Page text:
No, no one at all....

http://nhthifi.com/2006/p-users.html

Also, keep in mind that M60Xds just came on line a few months ago and M80Xds are just now in the process of shipping. The basic Xds kick the *crap* out of B&W 800Ds. And if you heard M80Xds, you'd utterly understand why I'm so confident in my opinions. And most anyone who has heard them would agree.

Also, FWIW, if I were not a dealer, just a consumer, the speaker of choice for me, cost no object, not an NHT, would be the Revel Studio2 or Salon2. Certainly not a B&W.

John
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post #484 of 6914 Old 11-09-2007, 03:28 PM
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Originally Posted by Nuance View Post

Which ones? I had every Harman white paper saved on my old HD, but it crapped out. I might be able to find them again, but I dunno. I think there were like 5 or 6 of them. They mainly dealt with loudspeakers, room acoustics, proper setup and electronics. It was all very good stuff. I'll snoop around and see if I can find them, LTD.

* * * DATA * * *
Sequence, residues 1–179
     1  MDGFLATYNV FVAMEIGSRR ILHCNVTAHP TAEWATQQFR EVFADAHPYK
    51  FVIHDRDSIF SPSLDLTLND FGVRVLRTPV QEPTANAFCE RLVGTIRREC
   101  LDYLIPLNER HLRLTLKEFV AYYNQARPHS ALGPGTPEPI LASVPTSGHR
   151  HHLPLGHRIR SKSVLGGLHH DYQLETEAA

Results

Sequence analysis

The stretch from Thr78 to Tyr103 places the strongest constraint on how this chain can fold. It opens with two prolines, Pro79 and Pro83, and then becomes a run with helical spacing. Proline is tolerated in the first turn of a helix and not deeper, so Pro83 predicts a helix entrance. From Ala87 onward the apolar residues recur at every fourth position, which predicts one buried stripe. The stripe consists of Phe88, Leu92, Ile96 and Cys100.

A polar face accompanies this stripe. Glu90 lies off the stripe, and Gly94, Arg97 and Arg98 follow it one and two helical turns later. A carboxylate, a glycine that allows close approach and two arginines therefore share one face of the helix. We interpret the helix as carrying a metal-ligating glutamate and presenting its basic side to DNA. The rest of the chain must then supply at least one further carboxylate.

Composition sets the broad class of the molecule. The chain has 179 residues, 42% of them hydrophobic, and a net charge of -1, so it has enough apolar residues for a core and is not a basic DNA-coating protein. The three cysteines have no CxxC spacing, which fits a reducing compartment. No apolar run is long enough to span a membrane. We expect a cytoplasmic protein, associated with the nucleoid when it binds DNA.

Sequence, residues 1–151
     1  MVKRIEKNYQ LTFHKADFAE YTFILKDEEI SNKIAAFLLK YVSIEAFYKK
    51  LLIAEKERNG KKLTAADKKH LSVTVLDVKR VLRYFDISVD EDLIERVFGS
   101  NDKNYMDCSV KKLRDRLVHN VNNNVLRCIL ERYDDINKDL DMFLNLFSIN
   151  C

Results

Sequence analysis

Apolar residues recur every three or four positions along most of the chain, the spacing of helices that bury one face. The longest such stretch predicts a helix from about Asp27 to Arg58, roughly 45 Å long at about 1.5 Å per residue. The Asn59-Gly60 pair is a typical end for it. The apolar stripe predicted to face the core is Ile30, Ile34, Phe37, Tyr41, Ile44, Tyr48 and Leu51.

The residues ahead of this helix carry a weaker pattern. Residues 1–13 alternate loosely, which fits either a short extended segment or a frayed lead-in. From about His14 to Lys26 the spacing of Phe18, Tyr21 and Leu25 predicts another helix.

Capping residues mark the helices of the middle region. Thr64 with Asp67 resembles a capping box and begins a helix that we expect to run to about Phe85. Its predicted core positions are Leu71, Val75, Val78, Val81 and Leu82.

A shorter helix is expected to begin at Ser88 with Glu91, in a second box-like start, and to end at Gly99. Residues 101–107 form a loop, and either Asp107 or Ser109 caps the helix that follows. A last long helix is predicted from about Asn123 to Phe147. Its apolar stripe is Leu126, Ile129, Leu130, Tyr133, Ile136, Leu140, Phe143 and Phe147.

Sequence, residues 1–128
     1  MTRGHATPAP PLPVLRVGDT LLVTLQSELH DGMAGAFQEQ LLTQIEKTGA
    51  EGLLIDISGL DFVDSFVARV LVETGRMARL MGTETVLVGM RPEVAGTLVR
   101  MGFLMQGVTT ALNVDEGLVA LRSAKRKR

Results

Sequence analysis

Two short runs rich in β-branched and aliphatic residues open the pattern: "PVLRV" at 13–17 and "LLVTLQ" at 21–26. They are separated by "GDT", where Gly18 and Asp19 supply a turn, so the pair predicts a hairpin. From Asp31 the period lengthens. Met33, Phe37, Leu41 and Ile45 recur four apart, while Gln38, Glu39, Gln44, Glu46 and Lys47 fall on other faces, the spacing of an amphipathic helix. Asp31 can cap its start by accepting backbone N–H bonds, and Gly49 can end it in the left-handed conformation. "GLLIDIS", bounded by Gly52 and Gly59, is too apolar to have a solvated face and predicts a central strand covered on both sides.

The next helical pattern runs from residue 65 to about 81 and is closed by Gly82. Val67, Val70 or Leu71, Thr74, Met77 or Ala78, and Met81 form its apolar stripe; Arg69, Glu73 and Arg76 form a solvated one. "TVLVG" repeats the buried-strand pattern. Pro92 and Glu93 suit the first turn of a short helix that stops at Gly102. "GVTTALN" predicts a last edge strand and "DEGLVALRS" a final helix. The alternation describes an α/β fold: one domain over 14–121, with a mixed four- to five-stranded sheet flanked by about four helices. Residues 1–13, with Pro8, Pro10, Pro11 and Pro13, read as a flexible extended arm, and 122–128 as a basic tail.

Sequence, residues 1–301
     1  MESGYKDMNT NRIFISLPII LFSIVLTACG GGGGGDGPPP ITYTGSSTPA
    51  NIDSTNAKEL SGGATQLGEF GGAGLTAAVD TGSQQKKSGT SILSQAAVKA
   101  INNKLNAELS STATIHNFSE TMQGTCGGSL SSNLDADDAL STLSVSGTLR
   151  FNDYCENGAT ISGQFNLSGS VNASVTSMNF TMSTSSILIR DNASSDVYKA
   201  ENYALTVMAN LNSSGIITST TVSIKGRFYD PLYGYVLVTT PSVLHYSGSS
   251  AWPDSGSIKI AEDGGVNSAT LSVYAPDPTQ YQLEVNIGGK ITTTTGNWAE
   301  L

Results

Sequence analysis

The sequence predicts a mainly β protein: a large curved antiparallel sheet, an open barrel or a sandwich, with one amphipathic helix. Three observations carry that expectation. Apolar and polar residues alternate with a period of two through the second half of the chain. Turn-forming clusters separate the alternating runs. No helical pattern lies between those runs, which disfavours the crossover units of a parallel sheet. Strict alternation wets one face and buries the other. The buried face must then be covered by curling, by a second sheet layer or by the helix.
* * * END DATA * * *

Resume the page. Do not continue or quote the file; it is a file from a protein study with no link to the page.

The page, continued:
thanks!

A Multiple Regression Model for Predicting Loudspeaker Preference Using Objective Measurements: Part IListening Test ResultsSean Olive
A Multiple Regression Model for Predicting Loudspeaker Preference Using Objective Measurements: Part IIListening Test ResultsSean Olive

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post #485 of 6914 Old 11-09-2007, 03:36 PM
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Originally Posted by jostenmeat View Post

Hmmm.. maybe compare it to viewing? Maybe the same "blue" color to you is perceptually darker to you than it would be to me, like a certain freq dip is lower/higher at 1khz for you than for me. The point is, say on a TV, you want that particular blue to look exactly as it does to you in real life. Then it will look realistic anyhow. It will also look realistic to me, but just as a "ligher shade of blue", because that is what I know as "true". Does that fly? Well, I tried!